Workplace Safety & Insurance

We are pleased to share with you the BNN Bloomberg interview, “Workers might need to give up some rights to privacy on being vaccinated.” Kevin Coon addresses vaccination issues in the workplace, including whether people will be able to work without getting vaccinated.

Click here to listen to the interview.

This interview was originally posted

To ensure Ontario employers are up-to-date, we outline two new developments affecting businesses operating during the COVID-19 pandemic below, including:

  • the implementation of enhanced COVID-19 outbreak protocols for workplaces in the City of Toronto; and
  • revisions to the COVID-19 screening tool required for Ontario employees.


Continue Reading COVID-19 Update: Ontario Screening Requirements & Toronto Workplace Outbreak Protocols

This is an update to our recent blog post summarizing Ontario’s required COVID-19 workplace screening tool for businesses.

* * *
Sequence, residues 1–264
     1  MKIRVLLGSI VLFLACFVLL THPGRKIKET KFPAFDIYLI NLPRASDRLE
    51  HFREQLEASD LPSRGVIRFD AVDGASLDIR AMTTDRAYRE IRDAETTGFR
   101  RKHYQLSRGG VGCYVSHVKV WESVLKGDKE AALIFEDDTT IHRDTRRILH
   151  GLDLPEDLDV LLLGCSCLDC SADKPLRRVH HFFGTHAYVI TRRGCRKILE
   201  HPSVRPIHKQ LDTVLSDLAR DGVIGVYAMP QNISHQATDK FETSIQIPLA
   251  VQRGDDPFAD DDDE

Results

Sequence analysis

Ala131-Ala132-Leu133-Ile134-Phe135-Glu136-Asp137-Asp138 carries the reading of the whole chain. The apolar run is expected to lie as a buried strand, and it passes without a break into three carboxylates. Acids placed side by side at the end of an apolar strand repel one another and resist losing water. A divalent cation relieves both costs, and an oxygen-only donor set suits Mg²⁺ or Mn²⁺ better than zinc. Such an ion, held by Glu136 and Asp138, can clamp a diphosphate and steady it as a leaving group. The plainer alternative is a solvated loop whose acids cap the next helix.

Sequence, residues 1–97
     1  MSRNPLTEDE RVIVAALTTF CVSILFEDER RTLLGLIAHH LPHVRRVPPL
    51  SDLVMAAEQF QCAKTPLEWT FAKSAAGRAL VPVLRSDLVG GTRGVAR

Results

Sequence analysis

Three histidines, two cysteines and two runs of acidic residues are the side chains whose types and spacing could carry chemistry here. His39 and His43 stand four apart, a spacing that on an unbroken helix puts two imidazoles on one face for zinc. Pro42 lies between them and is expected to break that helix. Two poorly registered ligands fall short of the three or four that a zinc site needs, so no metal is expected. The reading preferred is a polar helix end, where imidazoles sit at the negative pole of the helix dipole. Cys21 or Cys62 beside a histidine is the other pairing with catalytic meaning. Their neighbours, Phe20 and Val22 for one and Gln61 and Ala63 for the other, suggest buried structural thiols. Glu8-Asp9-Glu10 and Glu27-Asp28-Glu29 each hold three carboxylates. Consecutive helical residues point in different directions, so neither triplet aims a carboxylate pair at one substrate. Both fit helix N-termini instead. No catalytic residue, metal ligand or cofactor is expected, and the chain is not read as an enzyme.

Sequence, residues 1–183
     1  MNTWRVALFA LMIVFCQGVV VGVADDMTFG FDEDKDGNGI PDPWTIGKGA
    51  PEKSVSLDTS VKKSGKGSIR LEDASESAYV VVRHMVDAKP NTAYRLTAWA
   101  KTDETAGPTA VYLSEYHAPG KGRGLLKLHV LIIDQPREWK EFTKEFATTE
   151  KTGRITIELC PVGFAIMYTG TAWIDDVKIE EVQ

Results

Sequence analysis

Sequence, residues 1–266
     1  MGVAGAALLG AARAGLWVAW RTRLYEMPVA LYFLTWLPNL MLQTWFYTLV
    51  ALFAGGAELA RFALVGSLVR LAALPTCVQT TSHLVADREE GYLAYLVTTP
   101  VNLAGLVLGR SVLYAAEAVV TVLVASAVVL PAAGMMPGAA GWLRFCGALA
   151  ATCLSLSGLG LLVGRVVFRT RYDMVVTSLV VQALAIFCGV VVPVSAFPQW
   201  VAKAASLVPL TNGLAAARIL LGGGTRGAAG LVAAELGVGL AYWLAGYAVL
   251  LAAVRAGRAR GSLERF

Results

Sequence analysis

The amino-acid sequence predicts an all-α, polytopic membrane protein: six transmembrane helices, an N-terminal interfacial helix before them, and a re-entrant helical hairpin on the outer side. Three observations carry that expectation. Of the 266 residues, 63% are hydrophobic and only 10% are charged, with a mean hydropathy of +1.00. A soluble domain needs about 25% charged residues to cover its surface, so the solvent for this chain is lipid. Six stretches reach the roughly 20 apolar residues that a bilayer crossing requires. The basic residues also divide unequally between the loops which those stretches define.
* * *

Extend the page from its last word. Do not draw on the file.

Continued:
To recap, the Ontario Government requires most Ontario businesses and organizations to implement particular workplace screening questions, requiring workers and essential visitors to complete a medical questionnaire before entering the workplace each day. These requirements have been established under the Reopening Ontario (A Flexible Response to COVID-19) Act, 2020.

Ontario recently updated the workplace screening questions for businesses. You can find the updated questions here. The new version of the screening tool can be completed either online or on-site before the worker enters the workplace.
Continue Reading Ontario Revises COVID-19 Workplace Screening Requirements for Businesses

On January 12, 2021, the Government of Ontario declared a second state of emergency under the Emergency Management and Civil Protection Act in response to the COVID-19 pandemic. At the same time, the government issued a province-wide Stay-at-Home Order and amended O. Reg. 82/20: Rules for Areas in Stage 1 (“Stage 1 Rules”) to introduce stricter lockdown measures starting January 14, 2021.
Continue Reading Ontario Declares Second State of Emergency and Announces New Public Health Restrictions

2020 has posed unprecedented challenges for Canadian Employers. We know that in addition to keeping your employees safe and maintaining business continuity, it’s a challenge to keep track of all the changes to the employment law landscape in Canada.